Carry on, cartoonists, urges Tony Abbott after Charlie Hebdo attack.

abbott and microphones

Australia’s PM with his supportive media.


Australia’s army of parodists, satirists and professional piss-takers, the nation’s cartoonists, have been told to carry on. Terrified and shocked by events overseas, on the point of drawing the line at any more funny business and laying down their pencils, en masse, the nation’s lampooning doodlers have bucked up to hear words of encouragement from the top. And in such a good cause or two: our way of life is at stake. We are as nothing without corrective irony, parody or self-ridicule. Freedom of speech, moreover, is something we hold dear; central to the way we carry on. Or so we are told, from most unexpected quarter, or cartouche.

Oddly, the satirists’ rallying cry is being made by Australia’s PM, Tony, Abbott, a caricaturist’s dream, a political figure easily mistaken for a parody of a PM, or a parody of himself, or both. Not renowned for enjoying or appreciating criticism and fronting a LNP government which is at best economical with freedom of expression and truth, to say nothing of justice, tolerance and compassion, qualities informing every satirist’s bite, the PM has leapt into the fray.

Yesterday, the PM, a talented contortionist and ever-obliging target himself, the butt of a thousand gibes was urging us to give ’em hell with bells on. Loony Toons Abbott morphed into the mouse that roared: a mouse exhorting all the neighbourhood cats to sharpen their claws.

In yet another unexpected twist to his contorted career, the PM burst on to Channel 9 to the amazement of jaded, hung-over morning television viewers and cracked up the nation with a message straight to camera. Cartoonists carry on! The terrorists will win if you stop. And there was more. With the injunction came insight; he knew, he confided, all too well, what it is like to be a member of a persecuted minority, the object of satire: people are always making fun of Catholics in Australia.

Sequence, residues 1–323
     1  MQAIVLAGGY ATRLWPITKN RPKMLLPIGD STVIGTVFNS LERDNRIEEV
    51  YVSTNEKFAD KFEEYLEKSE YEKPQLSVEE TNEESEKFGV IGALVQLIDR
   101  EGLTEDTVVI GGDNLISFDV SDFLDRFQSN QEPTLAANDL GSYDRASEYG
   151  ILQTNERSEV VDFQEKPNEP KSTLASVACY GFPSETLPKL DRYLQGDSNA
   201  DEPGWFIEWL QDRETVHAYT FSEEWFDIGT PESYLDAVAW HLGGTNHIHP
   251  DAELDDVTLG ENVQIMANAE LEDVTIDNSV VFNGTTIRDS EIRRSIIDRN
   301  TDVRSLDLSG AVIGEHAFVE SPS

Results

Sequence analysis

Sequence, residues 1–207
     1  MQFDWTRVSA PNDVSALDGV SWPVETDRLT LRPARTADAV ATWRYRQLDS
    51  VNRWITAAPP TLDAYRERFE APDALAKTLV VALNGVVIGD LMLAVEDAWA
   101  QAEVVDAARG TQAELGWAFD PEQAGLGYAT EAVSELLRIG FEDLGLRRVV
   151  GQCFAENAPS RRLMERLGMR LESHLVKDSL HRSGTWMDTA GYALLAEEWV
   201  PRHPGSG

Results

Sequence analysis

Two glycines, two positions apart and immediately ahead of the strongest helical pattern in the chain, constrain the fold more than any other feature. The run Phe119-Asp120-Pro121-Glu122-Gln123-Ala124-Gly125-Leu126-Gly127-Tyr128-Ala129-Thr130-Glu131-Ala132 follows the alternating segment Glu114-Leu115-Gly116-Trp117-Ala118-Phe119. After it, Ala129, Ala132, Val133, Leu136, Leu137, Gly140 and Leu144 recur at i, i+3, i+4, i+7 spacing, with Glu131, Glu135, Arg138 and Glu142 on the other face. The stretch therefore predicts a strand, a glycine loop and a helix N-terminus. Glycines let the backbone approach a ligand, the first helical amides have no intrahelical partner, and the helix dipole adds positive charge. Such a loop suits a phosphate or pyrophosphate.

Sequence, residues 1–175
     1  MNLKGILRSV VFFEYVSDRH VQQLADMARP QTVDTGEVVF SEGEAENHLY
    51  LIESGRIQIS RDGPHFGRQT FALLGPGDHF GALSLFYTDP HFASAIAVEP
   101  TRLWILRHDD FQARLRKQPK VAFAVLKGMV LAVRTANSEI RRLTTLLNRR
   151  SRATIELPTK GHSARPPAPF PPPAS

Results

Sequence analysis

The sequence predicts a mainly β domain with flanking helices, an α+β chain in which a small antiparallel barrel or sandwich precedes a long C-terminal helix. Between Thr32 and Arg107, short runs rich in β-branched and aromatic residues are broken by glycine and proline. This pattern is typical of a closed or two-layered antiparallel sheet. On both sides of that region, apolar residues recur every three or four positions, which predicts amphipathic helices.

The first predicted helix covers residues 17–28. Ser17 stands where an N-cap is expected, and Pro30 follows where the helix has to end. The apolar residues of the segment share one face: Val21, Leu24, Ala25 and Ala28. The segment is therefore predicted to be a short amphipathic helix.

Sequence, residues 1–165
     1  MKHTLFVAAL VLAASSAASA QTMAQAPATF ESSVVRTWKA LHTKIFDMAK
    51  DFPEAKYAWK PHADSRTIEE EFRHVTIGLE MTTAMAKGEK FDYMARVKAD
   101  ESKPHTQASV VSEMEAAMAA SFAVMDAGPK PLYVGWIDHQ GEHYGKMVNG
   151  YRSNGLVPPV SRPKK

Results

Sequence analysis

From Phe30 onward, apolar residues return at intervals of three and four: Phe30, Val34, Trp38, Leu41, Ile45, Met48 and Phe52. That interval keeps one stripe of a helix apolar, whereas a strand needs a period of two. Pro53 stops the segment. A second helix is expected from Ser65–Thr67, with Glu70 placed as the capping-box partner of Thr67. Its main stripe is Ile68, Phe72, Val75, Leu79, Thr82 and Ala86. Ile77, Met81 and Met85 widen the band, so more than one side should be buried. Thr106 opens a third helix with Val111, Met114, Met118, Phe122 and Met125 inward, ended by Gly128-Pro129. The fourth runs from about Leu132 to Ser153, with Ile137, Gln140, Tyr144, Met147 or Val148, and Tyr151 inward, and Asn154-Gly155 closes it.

Abbott’s babblings were prompted by the tragic events at Charlie Hebdo, the satirical Paris newspaper in which two gunmen brutally executed ten staff members and injured eleven others, some of them critically on Thursday morning in apparent retaliation for the paper’s pungently satirical comments on Islam. Curiously, they echoed David Cameron’s despite their religious differences, differences on climate change and other matters. Doubtless, similar sentiments could be traced in the addresses of a group of national leaders whose talking points are lovingly hand-prepared in Washington.

Whatever his intention, or the true origin of his inspiration, Tony Abbott captured every satirist’s imagination with his latest hypocritical posturing, beginning with his TV appearance itself.

Others in his cabinet may wait weeks, or even longer, to talk to the media but the PM gets his head on the box any time he feels like it. One of his first initiatives in government and, yes, the word is to be used cautiously, was to control communications. His own ministers and hapless members of his government have to line up like the scene in Oliver to get permission to exercise any freedom of expression that might involve talking to the people. All media requests must be approved by a member of the Prime Minister’s staff, aka Peta Credlin.

Yet the same PM can air his thought bubbles and spray his talking points at us with barely a moment’s notice, as he did on national television yesterday. Indeed, he is able to over-share, as his wont; the reason he needs a minder on every occasion and doubtless the reason the party dominatrix Peta Credlin must accompany him everywhere.

Other ironies abound. Whilst the office of the prime minister has divided the media into friends and enemies and whilst Abbott himself is openly critical of criticism of the government by the ABC, an outfit he would love to privatise, he rushed to pose as a defender of free speech stating:

‘…it’s important there be no self-censorship by Australian media in the wake of yesterday’s terrorist attack in Paris.’ No doubt this thought vastly relieved Australian cartoonists who are by nature an unctuous and dependent breed, constantly seeking approval and instruction from the top. Whom did the PM think he was trying to kid?  He may be able to tie himself in knots but cartoonists, satirists are not about to follow.

Losing no time either in gleefully cranking up popular fear and anxiety, Abbott warned that ‘the world should be braced for more terrorist attacks.’